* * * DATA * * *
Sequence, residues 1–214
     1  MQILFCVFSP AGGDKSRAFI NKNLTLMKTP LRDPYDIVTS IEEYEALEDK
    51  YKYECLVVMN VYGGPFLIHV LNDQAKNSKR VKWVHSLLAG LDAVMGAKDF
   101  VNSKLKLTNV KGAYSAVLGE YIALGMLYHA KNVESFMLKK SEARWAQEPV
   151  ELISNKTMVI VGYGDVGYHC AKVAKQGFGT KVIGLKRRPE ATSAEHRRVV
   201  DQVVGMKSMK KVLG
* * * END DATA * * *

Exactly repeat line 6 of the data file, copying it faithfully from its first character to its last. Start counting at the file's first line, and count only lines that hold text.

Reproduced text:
   201  DQVVGMKSMK KVLG